Become a Member

Get access to more than 30 brands, premium video, exclusive content, events, mapping, and more.

Already have an account? Sign In

Become a Member

Get access to more than 30 brands, premium video, exclusive content, events, mapping, and more.

Already have an account? Sign In



Elyse Kopecky Has Perfected the Art of Cutting Sweet Potatoes

As part of her series on knife skills, Elyse shows the best way to break down a sweet potato for meal prep.

Lock Icon

Unlock this article and more benefits with 50% off.

Already have an Outside Account? Sign in

Outside+ Logo

50% Off Outside+.
$4.99/month $2.49/month*

Get the one subscription to fuel all your adventures.

  • Map your next adventure with our premium GPS apps: Gaia GPS Premium and Trailforks Pro.
  • Read unlimited digital content from 15+ brands, including Outside Magazine, Triathlete, Ski, Trail Runner, and VeloNews.
  • Watch 600+ hours of endurance challenges, cycling and skiing action, and travel documentaries.
  • Learn from the pros with expert-led online courses.
Join Outside+

*Outside memberships are billed annually. You may cancel your membership at anytime, but no refunds will be issued for payments already made. Upon cancellation, you will have access to your membership through the end of your paid year. More Details

Sweet potatoes are the heroes of the meal prep world: They’re great to process in large batches and hold texture and flavor all week after roasting on a Sunday. Here, Elyse Kopecky takes us from start to finish on cutting up sweet potatoes into even cubes ideal for roasting.

Video loading...

[Part of the Mastering Meal Prep with Elyse Kopecky series]

Read the transcript:


Another vegetable that I love to chop up a bunch of when I’m meal prepping is sweet potatoes or yams. These are for roasting. I make sweet potato fries, or I just chop them up into smaller squares if I’m doing power bowls and putting them on rice bowls and things like that.

So I’m going to teach you two different techniques and ways to cut a sweet potato. One of the most important things is to cut your pieces evenly shaped, evenly sizes, so that when you roast it, they cook evenly and they cook at the same temperature and the same amount of time. So these are kind of smaller size sweet potatoes, but I’m just going to show you just basic squares. So you want—these are pretty hard and you want a sharp knife to start with. You can leave the peel on, there’s actually a ton of nutrition in the peel.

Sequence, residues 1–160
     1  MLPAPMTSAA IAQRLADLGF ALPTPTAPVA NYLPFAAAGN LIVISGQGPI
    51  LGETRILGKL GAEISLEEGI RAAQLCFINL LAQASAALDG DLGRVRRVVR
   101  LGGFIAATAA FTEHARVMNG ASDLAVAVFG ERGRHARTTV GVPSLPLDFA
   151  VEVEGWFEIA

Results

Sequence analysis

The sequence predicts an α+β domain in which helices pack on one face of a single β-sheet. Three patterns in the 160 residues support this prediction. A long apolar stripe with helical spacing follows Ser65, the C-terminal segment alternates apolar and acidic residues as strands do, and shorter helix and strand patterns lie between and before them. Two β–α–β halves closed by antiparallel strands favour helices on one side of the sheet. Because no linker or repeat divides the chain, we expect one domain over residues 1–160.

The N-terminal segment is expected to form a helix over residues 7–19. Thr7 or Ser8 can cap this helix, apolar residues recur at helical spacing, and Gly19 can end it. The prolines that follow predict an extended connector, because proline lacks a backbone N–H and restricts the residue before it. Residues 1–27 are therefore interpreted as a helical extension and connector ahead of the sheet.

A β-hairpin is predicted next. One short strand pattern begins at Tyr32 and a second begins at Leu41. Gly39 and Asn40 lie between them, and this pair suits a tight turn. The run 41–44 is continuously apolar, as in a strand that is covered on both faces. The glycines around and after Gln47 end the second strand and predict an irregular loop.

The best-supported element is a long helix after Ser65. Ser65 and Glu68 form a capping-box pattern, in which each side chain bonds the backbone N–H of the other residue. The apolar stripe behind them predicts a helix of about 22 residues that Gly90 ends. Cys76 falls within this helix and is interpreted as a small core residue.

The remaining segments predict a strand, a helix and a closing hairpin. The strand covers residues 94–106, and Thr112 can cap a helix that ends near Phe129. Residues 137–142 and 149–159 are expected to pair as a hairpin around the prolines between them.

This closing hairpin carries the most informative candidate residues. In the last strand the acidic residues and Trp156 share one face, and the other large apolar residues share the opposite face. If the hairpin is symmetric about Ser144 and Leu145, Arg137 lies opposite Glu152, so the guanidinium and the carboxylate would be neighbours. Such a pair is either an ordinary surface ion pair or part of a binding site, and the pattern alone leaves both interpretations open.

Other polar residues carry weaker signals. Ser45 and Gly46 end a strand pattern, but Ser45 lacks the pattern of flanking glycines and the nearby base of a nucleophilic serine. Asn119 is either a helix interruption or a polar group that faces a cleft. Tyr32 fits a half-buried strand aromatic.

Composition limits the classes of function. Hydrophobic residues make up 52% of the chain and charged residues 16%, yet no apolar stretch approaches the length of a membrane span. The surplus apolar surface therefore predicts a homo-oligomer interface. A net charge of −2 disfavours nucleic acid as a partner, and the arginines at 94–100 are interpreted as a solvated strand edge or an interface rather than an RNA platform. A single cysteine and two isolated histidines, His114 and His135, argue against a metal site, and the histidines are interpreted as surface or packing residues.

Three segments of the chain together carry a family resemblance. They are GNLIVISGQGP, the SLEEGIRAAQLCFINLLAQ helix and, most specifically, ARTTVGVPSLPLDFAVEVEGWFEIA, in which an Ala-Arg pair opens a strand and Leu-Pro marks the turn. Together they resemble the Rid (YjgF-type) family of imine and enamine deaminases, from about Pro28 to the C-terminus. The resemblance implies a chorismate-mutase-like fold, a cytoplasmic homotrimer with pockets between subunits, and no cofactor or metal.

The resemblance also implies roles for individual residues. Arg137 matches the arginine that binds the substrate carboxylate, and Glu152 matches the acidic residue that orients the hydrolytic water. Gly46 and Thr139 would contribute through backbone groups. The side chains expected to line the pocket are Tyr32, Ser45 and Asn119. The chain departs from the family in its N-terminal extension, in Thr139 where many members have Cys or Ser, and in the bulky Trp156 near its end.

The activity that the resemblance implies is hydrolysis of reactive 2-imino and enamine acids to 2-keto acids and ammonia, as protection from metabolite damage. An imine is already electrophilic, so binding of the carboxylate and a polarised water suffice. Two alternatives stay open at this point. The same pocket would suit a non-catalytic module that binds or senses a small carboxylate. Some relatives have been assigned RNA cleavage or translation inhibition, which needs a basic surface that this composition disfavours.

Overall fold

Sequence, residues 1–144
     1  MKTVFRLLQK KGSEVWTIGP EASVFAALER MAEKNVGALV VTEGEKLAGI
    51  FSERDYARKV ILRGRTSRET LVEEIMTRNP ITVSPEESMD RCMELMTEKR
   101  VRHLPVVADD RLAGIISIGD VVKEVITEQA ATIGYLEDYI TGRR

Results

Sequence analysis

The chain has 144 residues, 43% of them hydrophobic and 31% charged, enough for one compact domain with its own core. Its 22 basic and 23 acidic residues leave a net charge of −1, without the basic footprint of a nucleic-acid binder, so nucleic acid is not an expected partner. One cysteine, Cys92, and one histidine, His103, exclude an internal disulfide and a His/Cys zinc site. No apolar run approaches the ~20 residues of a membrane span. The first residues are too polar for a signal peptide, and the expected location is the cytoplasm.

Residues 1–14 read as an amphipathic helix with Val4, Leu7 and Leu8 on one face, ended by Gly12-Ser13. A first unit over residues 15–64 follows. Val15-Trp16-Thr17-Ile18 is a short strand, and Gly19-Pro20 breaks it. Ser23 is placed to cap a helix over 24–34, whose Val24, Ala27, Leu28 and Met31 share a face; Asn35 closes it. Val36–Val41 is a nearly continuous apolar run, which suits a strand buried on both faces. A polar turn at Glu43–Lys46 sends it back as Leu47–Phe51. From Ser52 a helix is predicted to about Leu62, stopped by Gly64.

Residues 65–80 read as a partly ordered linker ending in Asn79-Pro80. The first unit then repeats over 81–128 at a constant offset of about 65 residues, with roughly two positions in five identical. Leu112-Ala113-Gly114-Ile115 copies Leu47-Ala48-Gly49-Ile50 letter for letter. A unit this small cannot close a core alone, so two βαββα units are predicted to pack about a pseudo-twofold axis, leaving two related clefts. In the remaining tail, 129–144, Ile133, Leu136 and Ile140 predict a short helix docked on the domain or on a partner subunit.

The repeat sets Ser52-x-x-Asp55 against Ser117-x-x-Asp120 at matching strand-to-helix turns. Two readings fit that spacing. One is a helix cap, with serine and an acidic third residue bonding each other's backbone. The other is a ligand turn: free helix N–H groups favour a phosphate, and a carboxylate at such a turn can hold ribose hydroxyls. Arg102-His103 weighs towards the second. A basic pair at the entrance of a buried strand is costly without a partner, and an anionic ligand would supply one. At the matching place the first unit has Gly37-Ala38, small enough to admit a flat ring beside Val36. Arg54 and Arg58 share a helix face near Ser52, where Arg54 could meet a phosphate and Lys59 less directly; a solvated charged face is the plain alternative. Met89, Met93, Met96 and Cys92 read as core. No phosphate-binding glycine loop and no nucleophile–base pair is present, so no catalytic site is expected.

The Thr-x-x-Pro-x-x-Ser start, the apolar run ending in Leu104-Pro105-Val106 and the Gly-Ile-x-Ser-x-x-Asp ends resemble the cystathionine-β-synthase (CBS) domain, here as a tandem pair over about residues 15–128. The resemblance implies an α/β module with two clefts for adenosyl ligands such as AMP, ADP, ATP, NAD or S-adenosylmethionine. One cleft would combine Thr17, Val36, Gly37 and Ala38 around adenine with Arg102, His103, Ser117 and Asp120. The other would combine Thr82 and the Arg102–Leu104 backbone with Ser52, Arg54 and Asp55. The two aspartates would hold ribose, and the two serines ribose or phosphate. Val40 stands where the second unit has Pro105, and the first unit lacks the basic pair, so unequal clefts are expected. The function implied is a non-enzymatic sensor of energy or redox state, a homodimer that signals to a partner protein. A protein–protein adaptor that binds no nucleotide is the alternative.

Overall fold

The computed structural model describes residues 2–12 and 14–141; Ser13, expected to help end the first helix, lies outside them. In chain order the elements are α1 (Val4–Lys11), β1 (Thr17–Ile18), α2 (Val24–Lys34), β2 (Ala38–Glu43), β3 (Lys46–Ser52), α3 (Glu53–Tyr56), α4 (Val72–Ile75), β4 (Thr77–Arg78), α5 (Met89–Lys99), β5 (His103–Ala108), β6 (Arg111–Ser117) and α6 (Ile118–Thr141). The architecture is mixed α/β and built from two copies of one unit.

You can peel them if you got pickier eaters, but definitely if you’re saving time, just leave the peel on there. And then I’m just going to cut it in half like this. So I have two halves and I’ll cut it again down the middle and you can trim off the ends if there’s any parts there. And then I’m going to try to cut even shaped squares like this. So now I have these bigger pieces that I’m just going to trim down into little squares or triangles. However, it’s not going to be perfect if you have an oddly shaped sweet potato, but just roughly you want them to be about the same size. If you have a bigger sweet potato, you can cut it into slabs. So then you have even heights of slabs, and then you can cut that down at a square.

So I’ve got these squares and you can make them smaller depending on what you’re using them for, but for roasting, they just need to be about bite size. And then another way is sweet potato fries. So for that, if I have a bigger yam, I usually cut it in half first, trim off the ends if they’re a little bit dry and then cut it in half, it’s a lot easier to cut slabs if you have a flat bottom as your base. You want to put that base down at the bottom and I’m going to cut little slabs across, and then I’ll cut those into small little fry shapes. So we want to cut this into smaller shapes, and then you’re going to take each of your slabs and cut it across. And you can use kind of a rocking motion. If you have a French style chef’s knife, and then you’ve got these nice little fry shapes. They don’t have to be perfect, but you do want them to be uniform in size and kind of skinny so they roast really nicely on all those edges. And then you’ve got these little fry shape, and that is how to cut a sweet potato.